The Maritime History of the Great Lakes
British Whig (Kingston, ON), Dec. 21, 1887

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The Investigation Into Her Loss At St. Catharines.

St. Catharines, Dec. 21st - On Monday S.R. Risley opened an inquiry into the circumstances connected with the loss of the barge Oriental, with all hands on Oct. 24th.

J.T. Carey was secretary of the Welland Canal branch of the seamen's union. Was on board the Oriental in August last. The crew were awkward and the vessel was rotten and unseaworthy. He stuck his knife between planks and they were very bad. The covering board was a patched up affair. He told the captain the vessel was unseaworthy. The captain said he knew it. The crew were as good as could be got for $1 per day. The barge was deficient in sails. He remembered her passing through the canal fourteen or fifteen years ago. She was a sailing vessel then. She was waterlogged in Port Dalhousie several years ago.

J.F. Taylor, second engineer of the Scotia, said they left Charlotte, N.Y., on Oct. 23rd, with the Oriental in tow. About four a.m. they were three miles off Port Dalhousie, but gave up hopes of making it and turned for Niagara. He heard the captain say the Oriental broke away - at least the strain on the tow line pulled down the stern of the Scotia so the water came in through the tow line chocks and then the line parted. The captain said the Oriental was sunk, and they had better haul in or cut the tow line so it would not get into the wheel. Witness cut it with an axe. When they got to Niagara the captain said he prayed to God that nothing had happened to the poor fellows. The engineer asked if he thought they went down.

Capt. McIlwain said the mainmast of the Oriental was used as a derrick, and they had a sail on the foremast.

A Ship Carpenter's Testimony.

L. Reno, ship carpenter, said last spring the Oriental attracted his attention by her unseaworthy condition. He tested the seams in several places and they were bad, as also were the covering-board seams, and the ends of her planking and aft were decayed. He shoved the long blade of his knife to its full length between the oakum and the wood in her quarters, and in other places the oakum was rotten and hanging out of the seams. He also put his knife in between the spikes and timbers, at the wake of the forechains. He could also move the spike, which showed the timber inside was gone and the spike had no hold of the plank. He walked about the deck and noticed that some rails and stanchions were decayed. He saw some apparently new stanchions on her starboard quarter. The butts on her deck plank were also decayed. The waterway seam was bad and also the combing of her hatches. He noticed that she had a foremast only, and carried a foresail and forestaysail. He did not notice if she had a jib. He saw her again last August. He did not see any change in her appearance from that in the spring, only the actions of those on board working her past led him to think they had never sailed much. That was the last he saw of her. It was his opinion she was lost by overloading and not having competent men or canvas.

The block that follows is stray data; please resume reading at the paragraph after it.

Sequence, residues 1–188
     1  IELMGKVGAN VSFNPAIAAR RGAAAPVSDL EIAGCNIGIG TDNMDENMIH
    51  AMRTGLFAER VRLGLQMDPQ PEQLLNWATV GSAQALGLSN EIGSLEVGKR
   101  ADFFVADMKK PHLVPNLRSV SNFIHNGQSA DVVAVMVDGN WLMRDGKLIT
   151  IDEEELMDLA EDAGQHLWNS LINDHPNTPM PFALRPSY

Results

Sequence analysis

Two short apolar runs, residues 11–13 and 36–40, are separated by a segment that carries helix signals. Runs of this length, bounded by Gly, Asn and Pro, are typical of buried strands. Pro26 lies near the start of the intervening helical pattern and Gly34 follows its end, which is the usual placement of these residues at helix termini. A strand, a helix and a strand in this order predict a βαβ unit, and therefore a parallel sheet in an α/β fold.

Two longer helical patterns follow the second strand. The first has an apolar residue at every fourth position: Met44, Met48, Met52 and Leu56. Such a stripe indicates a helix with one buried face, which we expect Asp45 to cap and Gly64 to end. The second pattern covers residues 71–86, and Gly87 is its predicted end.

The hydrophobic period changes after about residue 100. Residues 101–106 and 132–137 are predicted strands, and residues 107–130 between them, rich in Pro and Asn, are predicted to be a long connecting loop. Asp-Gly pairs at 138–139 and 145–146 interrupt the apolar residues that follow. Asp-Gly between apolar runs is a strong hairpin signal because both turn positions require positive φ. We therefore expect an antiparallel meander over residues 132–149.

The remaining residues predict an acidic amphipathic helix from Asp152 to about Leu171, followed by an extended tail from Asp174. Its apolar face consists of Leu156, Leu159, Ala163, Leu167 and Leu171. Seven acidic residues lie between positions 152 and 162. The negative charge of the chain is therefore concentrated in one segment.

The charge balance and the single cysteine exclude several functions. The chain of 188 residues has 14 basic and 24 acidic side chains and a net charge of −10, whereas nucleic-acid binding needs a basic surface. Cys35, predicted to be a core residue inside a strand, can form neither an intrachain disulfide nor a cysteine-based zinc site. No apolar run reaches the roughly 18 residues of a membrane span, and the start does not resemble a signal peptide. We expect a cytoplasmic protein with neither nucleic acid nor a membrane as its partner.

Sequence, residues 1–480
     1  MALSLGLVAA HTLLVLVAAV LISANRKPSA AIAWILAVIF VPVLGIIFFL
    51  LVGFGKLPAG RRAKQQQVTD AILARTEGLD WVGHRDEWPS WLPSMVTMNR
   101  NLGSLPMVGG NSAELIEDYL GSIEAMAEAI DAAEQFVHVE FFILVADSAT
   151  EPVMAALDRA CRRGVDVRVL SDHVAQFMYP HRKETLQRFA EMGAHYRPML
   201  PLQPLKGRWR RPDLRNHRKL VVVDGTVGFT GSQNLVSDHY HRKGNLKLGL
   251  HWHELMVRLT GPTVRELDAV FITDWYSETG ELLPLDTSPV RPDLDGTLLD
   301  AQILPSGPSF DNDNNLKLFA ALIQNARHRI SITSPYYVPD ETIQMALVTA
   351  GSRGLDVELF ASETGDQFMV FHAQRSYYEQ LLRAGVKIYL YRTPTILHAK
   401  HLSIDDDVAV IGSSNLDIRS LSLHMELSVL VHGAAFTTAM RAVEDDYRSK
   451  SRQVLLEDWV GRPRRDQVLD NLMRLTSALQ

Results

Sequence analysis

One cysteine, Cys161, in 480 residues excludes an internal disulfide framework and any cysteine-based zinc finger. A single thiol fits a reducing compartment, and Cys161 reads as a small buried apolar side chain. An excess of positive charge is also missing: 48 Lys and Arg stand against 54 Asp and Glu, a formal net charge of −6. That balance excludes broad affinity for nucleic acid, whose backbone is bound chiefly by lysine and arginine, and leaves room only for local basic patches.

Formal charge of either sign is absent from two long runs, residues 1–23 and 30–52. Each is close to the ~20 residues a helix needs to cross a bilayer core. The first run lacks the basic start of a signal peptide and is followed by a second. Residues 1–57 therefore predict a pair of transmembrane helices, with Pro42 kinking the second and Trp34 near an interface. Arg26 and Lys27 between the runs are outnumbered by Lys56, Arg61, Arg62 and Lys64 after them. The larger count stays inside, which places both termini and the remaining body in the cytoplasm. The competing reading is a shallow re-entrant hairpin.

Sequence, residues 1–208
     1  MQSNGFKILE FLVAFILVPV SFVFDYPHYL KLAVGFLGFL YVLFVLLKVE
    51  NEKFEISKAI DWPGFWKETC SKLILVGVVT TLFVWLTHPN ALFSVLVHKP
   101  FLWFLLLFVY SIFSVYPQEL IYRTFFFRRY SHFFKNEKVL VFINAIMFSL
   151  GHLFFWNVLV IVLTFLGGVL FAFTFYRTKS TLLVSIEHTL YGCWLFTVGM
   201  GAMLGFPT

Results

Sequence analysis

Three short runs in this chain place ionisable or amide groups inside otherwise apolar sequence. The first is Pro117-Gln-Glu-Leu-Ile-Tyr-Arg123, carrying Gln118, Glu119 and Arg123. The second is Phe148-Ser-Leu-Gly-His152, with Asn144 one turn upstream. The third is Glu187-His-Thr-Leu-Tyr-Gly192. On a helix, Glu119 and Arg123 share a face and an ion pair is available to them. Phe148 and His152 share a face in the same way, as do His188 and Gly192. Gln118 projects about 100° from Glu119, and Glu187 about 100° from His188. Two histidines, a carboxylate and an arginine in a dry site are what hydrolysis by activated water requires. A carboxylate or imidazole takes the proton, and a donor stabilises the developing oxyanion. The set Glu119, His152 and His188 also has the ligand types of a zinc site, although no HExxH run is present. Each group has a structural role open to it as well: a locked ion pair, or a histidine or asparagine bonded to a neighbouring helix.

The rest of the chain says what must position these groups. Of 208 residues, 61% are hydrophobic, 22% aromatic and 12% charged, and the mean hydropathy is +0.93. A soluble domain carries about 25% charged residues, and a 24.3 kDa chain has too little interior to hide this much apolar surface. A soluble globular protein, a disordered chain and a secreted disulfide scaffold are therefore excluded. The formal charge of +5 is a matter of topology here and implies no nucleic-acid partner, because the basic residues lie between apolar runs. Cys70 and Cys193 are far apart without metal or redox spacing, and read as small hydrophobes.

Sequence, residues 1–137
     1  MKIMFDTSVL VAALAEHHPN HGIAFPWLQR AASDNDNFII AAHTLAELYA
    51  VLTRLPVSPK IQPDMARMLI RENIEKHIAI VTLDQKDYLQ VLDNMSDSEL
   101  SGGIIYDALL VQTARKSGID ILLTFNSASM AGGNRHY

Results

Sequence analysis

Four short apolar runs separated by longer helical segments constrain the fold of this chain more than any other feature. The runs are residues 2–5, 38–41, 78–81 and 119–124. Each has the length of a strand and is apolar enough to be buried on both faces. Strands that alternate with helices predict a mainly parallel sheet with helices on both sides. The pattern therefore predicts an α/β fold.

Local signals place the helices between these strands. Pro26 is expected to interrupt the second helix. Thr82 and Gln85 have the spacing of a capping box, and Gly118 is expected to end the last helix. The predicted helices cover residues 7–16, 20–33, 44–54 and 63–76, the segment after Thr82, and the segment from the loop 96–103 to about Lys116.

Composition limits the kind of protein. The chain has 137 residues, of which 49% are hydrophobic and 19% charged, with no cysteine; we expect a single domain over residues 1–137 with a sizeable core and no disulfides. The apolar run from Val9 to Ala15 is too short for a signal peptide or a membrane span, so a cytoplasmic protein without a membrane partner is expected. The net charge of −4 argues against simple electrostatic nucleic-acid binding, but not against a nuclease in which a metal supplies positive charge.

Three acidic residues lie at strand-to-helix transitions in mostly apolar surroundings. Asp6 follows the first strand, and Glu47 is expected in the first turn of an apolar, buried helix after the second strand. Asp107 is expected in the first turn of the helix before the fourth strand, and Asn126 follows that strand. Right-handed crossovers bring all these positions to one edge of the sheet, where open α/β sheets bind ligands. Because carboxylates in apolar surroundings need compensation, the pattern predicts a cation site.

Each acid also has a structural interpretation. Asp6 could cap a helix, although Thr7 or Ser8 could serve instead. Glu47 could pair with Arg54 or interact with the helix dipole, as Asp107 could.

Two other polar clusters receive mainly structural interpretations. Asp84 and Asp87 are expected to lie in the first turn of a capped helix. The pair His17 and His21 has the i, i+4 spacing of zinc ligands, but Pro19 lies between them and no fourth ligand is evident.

p.8 Transhipment of Grain - numbers of bushels shipped from various American and Canadian ports. "Engaged in the trade there were 129 propellers, 258 sailing vessels and 459 barges."


The schr. Annandale netted over $300 by her last trip from Port Hope to Charlotte, barley laden.

The ship building business at Ogdensburg is brisk. Two barges and several schooners are being rebuiilt.

Last evening the str. Henry Plumb arrived from Ogdensburg. She called at Garden Island and left with two sticks of timber, which will be used in repairing the schr. Merritt on the ways at Ogdensburg.

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Dec. 21, 1887
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Rick Neilson
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Public domain: Copyright has expired according to the applicable Canadian or American laws. No restrictions on use.
Maritime History of the Great Lakes
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British Whig (Kingston, ON), Dec. 21, 1887